Within hours of the passage of Bill C-33—the act to include sexual orientation as prohibited grounds for discrimination in the Canadian Human Rights Act—gay New Democrat MP Svend Robinson was predicting big things in the homosexual community. Robinson said Reform Party members were “absolutely correct” in arguing the act will lead to legal marriages, families, and spousal benefits for homosexuals.

But while Robinson celebrates, the majority of Canadians see the passage of Bill C-33 as one more blow to traditional family life in this country.

One has to marvel at the speed and ruthlessness with which the Chrétien Liberals moved with BillC-33. Just weeks ago, Chrétien told his Liberal caucus not to expect such legislation before the next federal election. The legislation later gathered the momentum of a runaway freight rain, flattening any obstacle that got in its misguided path.

The prime minister was intent on ramrodding the unamended bill through the house over the objections of some brave members of his own party.

And what was to be made of Justice Minister Allan Rock’s pathetic attempt to justify the resolution by citing highly selected passages of the Catholic Church catechism on the pastoral care of homosexual persons? It didn’t take long for Canadians to recognize the minister’s action as nothing more then self-serving, meaningless rhetoric.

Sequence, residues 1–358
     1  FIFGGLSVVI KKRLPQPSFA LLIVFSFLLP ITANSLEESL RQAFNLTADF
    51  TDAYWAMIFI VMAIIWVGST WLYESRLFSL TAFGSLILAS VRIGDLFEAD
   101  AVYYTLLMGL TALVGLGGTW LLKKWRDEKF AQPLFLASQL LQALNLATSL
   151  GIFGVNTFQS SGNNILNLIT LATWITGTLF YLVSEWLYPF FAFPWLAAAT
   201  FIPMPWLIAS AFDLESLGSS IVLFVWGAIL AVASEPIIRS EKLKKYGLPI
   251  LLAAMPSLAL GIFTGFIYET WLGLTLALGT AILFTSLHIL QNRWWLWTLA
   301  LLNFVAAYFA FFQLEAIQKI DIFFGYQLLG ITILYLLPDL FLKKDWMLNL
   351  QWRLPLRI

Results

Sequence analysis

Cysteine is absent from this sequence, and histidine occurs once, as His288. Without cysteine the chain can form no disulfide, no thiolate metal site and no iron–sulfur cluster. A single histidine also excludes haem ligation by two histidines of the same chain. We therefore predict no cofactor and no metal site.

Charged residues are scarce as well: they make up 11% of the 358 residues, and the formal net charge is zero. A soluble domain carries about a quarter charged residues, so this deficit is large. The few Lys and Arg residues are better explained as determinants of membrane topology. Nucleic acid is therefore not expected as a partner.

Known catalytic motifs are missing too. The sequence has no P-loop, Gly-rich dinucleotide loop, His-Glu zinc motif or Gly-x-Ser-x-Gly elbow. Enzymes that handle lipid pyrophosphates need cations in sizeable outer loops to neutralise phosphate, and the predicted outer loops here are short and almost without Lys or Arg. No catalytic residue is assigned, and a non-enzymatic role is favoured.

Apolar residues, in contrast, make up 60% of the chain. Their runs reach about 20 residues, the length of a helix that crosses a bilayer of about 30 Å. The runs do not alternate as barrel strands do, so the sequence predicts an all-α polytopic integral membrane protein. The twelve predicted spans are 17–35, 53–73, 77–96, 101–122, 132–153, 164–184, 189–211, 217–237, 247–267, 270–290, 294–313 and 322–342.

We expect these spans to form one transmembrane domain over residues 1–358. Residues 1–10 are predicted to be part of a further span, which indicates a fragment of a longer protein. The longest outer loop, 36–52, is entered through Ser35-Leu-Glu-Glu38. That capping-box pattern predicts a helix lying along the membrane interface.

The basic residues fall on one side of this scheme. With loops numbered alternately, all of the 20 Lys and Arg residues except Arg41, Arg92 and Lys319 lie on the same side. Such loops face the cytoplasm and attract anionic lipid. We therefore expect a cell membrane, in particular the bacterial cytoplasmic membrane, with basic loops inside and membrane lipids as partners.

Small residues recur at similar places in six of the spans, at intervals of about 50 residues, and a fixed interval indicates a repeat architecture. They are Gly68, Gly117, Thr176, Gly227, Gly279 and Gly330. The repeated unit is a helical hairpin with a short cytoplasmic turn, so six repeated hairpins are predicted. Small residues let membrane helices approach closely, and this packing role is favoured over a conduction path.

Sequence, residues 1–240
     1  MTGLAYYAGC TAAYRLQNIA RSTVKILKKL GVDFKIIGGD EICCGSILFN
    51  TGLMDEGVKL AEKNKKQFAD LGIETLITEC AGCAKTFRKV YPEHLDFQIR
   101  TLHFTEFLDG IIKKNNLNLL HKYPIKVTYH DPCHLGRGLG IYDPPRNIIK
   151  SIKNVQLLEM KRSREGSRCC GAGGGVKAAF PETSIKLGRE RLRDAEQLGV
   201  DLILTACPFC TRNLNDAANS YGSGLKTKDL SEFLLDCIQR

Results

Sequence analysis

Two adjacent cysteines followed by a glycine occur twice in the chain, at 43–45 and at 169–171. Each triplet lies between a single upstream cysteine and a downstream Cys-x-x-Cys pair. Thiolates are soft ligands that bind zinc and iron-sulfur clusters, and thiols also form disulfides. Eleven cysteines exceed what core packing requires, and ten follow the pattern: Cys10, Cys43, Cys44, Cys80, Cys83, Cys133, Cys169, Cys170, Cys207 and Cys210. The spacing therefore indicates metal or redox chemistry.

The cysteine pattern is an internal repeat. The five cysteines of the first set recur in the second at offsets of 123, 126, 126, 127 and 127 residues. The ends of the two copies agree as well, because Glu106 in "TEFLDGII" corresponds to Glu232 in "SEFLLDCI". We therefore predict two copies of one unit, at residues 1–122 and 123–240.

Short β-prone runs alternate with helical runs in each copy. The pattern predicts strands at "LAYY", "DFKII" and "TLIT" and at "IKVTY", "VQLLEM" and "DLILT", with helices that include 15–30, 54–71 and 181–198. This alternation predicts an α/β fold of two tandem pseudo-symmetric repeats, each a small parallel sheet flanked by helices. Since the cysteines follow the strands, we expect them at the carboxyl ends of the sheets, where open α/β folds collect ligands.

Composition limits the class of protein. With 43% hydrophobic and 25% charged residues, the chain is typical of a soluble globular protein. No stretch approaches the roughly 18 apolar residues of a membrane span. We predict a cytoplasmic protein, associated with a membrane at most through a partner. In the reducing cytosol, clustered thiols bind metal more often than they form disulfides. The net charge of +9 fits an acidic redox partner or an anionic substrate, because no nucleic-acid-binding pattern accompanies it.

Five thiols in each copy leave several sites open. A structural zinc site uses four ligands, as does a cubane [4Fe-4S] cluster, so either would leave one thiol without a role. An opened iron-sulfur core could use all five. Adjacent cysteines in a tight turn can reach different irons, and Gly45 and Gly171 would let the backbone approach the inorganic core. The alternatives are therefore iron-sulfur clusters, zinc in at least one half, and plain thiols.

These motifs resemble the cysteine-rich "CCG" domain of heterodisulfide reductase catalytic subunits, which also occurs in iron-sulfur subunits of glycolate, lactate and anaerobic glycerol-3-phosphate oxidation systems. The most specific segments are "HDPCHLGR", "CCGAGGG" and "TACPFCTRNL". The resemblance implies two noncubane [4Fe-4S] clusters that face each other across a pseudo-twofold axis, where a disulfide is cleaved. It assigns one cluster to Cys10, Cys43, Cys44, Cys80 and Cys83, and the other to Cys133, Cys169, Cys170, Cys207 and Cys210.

Chrétien and Rock had said repeatedly that Bill C-33 deals exclusivity with discrimination and has nothing to do with marriage, the family, and spousal benefits. We reserve the right to be more cynical, especially in light of Robinson’s comments. Sources within Rock’s own ministry have indicated that there is more at stake here than the perfectly legitimate objective of discrimination against homosexuals.

Even while Bill C-33 was in final debate, a leaked Judicial Department document showed Allan Rock’s planned amendments to the law which would allow same-sex marriages and benefits. So much for the Liberal’s claim that the legislation is simply an anti-discrimination measure.

A number of church and pro-family groups petitioned the government to show restraint on such an important issue. Many of these same groups called for amendments to the legislation, including a precise definition of sexual orientation. In the absence of such a definition, future court rulings could open the door to legal protection of deviant lifestyles. These concerns were swept aside in the government’s rush to protect homosexual unions.

As we’ve stated several times before, homosexuals are entitled to the same human rights as any other members of society. They should be afforded the same dignity, respect, and freedom from discrimination as any other person. What we must oppose however, is special status for individuals based on lifestyle.

In the wake of the final vote, Prime Minister Chrétien said he was proud of the way the government handled Bill C-33. Chrétien’s pride notwithstanding, we suggest Bill C-33 and its aftermath will further erode the respect Canadians hold for their political leaders.

In the words of Reform Party member Mike Scott just prior to the final vote: “It is certainly a sad day for our nation that the government is moving with as much speed as I have ever seen on any piece of legislation to ram this through and make it a done deal before Canadians even realize what is going on… Politics in Canada in 1996 is a dirty, rotten, slimy business.”